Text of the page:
Australia mull two spinners for Sydney test v Windies
By Ian Ransom
MELBOURNE (Reuters) – A painful ankle injury to paceman Peter Siddle and the impressive pace of all-rounder Mitchell Marsh has boosted Australia’s chances of playing two specialist spinners on home soil for the first time in a decade.
Having defeated West Indies in Melbourne to take an unassailable 2-0 lead in the series, Australia host the third and final test at the Sydney Cricket Ground, the nation’s only wicket that could be called ‘spin-friendly’.
The SCG hosted Australia’s last two-pronged spin assault on a home wicket, when legspinners Shane Warne and Stuart MacGill teamed up in a 2006 defeat of South Africa.
Offspinner Nathan Lyon has been Australia’s first-choice slow bowler for some time but has almost never had company.
He teamed up with debutant Steven O’Keefe for a test match in Dubai against Pakistan last year but both were flayed by the opposing batsmen in defeat and the experiment was canned.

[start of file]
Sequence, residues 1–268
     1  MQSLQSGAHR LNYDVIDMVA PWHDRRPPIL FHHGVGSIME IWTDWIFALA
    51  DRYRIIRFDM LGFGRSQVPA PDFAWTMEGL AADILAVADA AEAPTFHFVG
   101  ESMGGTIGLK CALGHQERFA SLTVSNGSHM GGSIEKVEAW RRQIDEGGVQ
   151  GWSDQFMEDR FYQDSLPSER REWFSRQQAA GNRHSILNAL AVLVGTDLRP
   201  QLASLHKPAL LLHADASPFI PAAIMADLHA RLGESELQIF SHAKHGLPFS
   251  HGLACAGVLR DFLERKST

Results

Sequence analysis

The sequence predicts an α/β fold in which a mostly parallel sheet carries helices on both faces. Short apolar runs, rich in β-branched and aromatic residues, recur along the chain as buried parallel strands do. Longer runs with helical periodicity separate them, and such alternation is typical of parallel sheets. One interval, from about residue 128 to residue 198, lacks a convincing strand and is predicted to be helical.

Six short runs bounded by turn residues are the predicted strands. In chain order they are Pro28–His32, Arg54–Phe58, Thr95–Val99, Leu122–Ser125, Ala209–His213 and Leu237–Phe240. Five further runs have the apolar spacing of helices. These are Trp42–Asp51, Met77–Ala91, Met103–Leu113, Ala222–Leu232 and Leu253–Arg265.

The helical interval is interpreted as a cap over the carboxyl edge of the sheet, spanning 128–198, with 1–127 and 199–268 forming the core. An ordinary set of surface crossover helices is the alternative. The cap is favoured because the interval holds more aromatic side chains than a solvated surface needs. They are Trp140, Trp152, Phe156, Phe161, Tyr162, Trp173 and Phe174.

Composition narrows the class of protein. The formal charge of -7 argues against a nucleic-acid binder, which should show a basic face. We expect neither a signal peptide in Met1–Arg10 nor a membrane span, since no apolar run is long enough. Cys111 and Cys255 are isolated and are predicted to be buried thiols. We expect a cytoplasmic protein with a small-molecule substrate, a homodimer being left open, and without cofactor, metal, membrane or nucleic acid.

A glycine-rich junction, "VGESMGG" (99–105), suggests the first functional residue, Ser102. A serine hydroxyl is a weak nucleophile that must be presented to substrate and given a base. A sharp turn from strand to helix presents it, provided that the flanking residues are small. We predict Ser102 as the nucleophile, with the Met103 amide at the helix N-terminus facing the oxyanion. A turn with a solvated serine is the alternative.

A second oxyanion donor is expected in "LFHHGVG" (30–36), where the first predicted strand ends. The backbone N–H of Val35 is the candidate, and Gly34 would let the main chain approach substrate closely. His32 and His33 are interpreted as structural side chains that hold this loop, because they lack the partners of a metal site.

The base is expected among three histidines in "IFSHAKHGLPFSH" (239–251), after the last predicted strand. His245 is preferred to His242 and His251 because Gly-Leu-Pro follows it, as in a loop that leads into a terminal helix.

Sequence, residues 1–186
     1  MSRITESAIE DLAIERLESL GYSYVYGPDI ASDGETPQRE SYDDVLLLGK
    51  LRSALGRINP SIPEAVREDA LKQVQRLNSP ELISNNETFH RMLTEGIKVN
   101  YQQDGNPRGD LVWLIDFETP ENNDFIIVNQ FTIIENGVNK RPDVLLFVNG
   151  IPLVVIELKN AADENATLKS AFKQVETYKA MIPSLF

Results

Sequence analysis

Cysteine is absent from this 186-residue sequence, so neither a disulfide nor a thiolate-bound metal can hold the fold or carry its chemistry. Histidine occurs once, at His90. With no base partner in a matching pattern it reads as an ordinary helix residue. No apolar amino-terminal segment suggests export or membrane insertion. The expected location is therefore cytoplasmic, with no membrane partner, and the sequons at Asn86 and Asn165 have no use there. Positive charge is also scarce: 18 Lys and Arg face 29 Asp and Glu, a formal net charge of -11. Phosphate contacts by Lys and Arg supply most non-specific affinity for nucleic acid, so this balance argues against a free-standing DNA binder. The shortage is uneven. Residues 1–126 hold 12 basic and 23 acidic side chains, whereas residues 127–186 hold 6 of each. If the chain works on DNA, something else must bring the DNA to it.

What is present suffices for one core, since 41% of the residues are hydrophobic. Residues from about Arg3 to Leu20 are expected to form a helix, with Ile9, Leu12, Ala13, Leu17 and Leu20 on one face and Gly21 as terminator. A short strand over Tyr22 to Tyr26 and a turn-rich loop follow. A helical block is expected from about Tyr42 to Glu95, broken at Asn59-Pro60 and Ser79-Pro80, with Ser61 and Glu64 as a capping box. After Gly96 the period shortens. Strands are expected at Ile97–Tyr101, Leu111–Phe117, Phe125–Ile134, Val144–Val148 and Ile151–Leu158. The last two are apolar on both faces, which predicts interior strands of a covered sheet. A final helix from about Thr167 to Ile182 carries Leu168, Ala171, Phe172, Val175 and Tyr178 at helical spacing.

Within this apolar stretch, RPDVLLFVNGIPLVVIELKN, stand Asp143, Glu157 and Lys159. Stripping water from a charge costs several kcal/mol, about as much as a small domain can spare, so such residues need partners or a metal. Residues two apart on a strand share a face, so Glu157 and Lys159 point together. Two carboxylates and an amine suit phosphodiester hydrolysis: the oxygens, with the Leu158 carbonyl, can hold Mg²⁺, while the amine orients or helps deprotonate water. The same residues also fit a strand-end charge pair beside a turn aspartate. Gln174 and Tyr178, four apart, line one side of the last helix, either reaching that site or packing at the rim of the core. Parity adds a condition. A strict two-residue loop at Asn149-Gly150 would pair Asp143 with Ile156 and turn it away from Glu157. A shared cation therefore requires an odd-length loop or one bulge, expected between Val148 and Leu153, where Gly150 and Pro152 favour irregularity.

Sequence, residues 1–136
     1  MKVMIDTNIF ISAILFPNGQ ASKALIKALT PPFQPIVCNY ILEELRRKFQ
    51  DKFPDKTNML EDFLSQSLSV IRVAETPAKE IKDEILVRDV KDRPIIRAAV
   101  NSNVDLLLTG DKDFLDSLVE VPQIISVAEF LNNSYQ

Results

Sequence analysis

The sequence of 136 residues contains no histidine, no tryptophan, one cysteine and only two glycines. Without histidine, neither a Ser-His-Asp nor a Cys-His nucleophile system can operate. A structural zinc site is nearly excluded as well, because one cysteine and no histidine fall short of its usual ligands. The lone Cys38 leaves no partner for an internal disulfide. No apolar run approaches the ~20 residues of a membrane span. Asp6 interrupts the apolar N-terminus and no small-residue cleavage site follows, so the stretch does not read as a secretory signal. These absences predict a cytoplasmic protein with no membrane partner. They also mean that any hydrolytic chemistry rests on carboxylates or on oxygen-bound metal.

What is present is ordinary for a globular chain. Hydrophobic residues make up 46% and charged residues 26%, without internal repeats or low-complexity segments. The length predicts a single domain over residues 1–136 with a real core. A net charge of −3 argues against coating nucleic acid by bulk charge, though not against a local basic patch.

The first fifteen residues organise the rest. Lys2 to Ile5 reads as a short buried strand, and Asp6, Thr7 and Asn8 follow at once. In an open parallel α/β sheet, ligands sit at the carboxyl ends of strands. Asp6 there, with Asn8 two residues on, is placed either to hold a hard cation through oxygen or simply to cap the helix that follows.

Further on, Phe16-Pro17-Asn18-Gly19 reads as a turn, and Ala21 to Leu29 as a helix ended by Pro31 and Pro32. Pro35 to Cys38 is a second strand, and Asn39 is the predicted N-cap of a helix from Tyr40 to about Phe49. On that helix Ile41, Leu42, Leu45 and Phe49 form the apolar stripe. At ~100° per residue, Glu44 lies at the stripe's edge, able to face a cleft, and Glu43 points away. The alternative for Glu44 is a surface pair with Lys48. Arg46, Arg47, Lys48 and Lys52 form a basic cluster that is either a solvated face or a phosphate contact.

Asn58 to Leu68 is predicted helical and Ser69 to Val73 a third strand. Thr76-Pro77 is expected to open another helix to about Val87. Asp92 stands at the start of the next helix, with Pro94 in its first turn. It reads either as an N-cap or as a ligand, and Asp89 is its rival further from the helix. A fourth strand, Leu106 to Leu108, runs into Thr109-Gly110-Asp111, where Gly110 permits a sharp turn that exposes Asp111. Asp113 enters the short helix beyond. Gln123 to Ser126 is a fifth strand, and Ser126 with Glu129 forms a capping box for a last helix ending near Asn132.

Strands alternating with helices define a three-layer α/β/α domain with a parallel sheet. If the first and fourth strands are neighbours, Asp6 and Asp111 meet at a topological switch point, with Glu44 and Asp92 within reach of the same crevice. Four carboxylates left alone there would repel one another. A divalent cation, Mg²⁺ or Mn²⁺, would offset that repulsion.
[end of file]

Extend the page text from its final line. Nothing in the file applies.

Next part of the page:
O’Keefe has not played a test since but mindful of the turning pitches that await on a tour to Sri Lanka next year, Australia’s selectors are tempted to hand the 31-year-old journeyman a second cap.
“He’s bowling really well. The selectors have watched him through state cricket,” Australia coach Darren Lehmann told reporters on Wednesday.
“He’d probably bat at eight (in the order), probably bat above Patto (paceman James Pattinson) if they both play.
“He can certainly bat and he’s a chirpy little feisty bloke in the field. Looking forward to him contributing if he gets his chance.”
Siddle had a reduced workload on Tuesday as Australia’s bowlers closed out a 177-run victory on day four at the Melbourne Cricket Ground and came off for treatment on his foot.
He will be re-assessed in the lead-up to the Sydney test which starts on Sunday.
All-rounder Mitchell Marsh stepped up to bowl more overs in Siddle’s absence and took 4-69, impressing with his pace and energy.
Marsh, who tipped the radar over 140 km per hour on some of his deliveries on Tuesday, could also shape up as a bonus third seamer should Australia go for two spinners, Lehmann said.
“Yeah, that certainly helps the scenario, the way he bowled,” he said.
“I thought he was fantastic yesterday. It allows us to really still play three genuine quicks and allows us to play two spinners. That’s a real option for us.”
(Editing by John O’Brien)